The paparazzi rushed to the stage, cameras flashing, as the leading lady took her bow. But, unfortunately, they missed the real star of the show.
With all the attention given to Carly Fiorina at the launch of Hewlett Packard's (HP's) new high-end Superdome Unix server, the audience at the glitzy Wall Street Regent Hotel in New York could have been forgiven for thinking it was a tribute to the glamorous chief executive.
"She brings us a little bit of Hollywood," beamed Steve Muddiman, European general manager of HP's eservices division.
But the real star wasn't Ms Fiorina. Nor was it even the shiny new Superdome box. Relegated to a supporting role by the attention given to its co-stars, the real luminary of the occasion was HP's new so-called utility computing pricing model, which was launched alongside Superdome. And this new pay-per-use pricing model has the potential to affect every major HP customer, regardless of whether or not they buy the new machine.
"We have placed a bet on the future of computing - it is utility computing," said Fiorina, going on to describe the launch as a "watershed day for HP".
Superdome, although an important product, is unlikely to have a serious impact on the future of the company or its customers, however, because HP doesn't expect to sell that many. Sun Microsystems has only sold 3000 of its rival E10000 servers in the past four years and IBM's RS/6000 S80 only passed the 1000 unit shipment mark in March, even though it was launched in September last year.
On the other hand, utility computing could eventually change the way HP, and the rest of the industry, charges its customers. HP's goal is to supply IT to users in the same way as we buy electricity today - on a metered, pay-per-use basis. It's about providing what, among others, Charlie Bell, vice president of infrastructure at HP customer Amazon.com, calls "internet dial tone".
Although this new pricing model will initially apply only to Superdome, the aim is to extend it over time to cover all of HP's servers. The company has previously put its toe in the water with a capacity-on-demand pricing model, where users can install a server with more processors than they need and only pay for them when they are switched on.
HP claims that Superdome takes this a step further, enabling customers to turn processors on and then off again to cope with usage peaks. Accounting software embedded in HP/UX will automatically inform HP about such usage, so it can bill users on a monthly basis.
Eventually this capability will be extended to other system components such as memory and virtual partitions, a function that HP claims is an industry first.
"It is a bold move. There is no doubt end users want utility computing; they want vendors to take the risk. But it will take another 18 months before it comes together," says Mitul Mehta, managing director of analyst TekPlus.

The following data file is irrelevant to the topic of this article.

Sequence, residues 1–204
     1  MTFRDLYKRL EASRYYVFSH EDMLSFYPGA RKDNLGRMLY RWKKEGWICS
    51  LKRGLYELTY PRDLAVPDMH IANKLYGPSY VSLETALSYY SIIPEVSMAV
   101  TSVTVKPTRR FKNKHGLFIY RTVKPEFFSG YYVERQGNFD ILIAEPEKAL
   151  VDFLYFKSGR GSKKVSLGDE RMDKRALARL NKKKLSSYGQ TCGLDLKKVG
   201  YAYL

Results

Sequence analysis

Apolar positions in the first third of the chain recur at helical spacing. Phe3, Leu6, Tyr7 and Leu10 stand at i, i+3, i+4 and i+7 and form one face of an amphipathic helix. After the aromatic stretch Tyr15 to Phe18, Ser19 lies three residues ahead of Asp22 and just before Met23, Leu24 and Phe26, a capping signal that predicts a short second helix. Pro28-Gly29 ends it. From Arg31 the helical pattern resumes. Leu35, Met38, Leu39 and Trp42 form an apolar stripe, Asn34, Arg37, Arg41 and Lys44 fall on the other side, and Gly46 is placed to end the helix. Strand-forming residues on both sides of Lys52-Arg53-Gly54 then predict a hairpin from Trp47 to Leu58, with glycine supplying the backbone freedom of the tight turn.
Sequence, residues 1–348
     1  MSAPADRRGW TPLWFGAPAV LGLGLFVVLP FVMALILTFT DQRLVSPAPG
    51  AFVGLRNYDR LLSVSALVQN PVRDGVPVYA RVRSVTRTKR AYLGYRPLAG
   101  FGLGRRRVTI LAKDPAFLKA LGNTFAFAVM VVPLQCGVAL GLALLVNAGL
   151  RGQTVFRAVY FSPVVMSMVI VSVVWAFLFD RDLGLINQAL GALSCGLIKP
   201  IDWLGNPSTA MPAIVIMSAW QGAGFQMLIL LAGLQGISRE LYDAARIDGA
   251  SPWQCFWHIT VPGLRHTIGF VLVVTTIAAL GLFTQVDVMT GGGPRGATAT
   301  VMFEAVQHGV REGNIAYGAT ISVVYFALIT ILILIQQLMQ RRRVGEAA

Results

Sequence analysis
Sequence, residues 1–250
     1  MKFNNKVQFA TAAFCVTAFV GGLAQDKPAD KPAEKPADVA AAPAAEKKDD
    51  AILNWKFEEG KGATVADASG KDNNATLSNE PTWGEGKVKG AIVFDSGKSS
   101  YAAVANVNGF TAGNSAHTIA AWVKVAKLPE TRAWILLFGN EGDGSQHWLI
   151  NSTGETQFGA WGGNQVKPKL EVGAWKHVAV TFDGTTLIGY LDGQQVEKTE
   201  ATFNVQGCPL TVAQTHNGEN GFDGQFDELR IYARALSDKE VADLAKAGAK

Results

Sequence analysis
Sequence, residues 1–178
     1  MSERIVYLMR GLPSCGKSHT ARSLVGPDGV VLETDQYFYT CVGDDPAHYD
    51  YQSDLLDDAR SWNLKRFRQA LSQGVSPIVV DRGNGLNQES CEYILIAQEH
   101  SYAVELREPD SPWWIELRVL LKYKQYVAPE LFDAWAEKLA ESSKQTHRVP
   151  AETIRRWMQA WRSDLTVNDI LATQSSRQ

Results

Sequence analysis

Unfortunately, HP cannot confirm exactly how Superdome's utility pricing model will work. "The full pricing model is not yet available. The accounting software will ship in the first quarter of 2001, but we need to work with HP's finance group to determine the practicalities," says Laurent Balaine, HP's Western Europe marketing director. "Utility computing is the goal. We are part of the way there, and Superdome is the next step."
But this kind of offering could not have emerged in the pre-Fiorina era. After founding HP in a garage in 1939, Messrs Hewlett and Packard ensured that each business within the company was independent and self-supporting. By the time Fiorina was recruited from telecoms supplier Lucent in July 1999, HP comprised 22 separate units, which rarely talked to each other.
As a result, HP customers ended up dealing with different people from each of the different units. Since then, Fiorina has reshaped HP around a new business model - one brand, one company. But the transition has not been smooth.
The concept of utility computing puts HP's proposed $18bn purchase of PricewaterhouseCoopers' (PwC) consulting group into some type of context, however. HP wants to change the way users buy servers by making them part of a service offering. A utility model requires a greater understanding of customers' workload, and a deeper knowledge of their business. Acquiring PwC's consultants could provide instant credibility, but would not be without problems of its own.
"The PwC bid shows how far HP has come. It says it's in the business of competing with IBM Global Services. However, there could be a culture clash between PwC and HP," says Mehta.
But Fiorina's team is aware of the difficulties. "It's a different thinking process. Superdome achieves the challenge of bringing all of HP together. This is a first for HP, as anyone who has known us in the past will know," says Balaine.
If the belief that Fiorina brings a touch of Hollywood to HP is bourne out, then she's probably hoping that utility computing will be her Oscar-winning blockbuster. After months of rehearsals, her future - and that of HP - now rests on whether the new utility computing pricing model gets bums on seats and delivers big box office earnings.
Allen died from complications of non-Hodgkin's lymphoma
Stanford researchers made the discovery via data from Greenland
Created via a thin, flexible, and transparent hierarchical nanocomposite film
Rolls Royce will use AI powered by Intel's Xeon Gold processors and SSDs for memory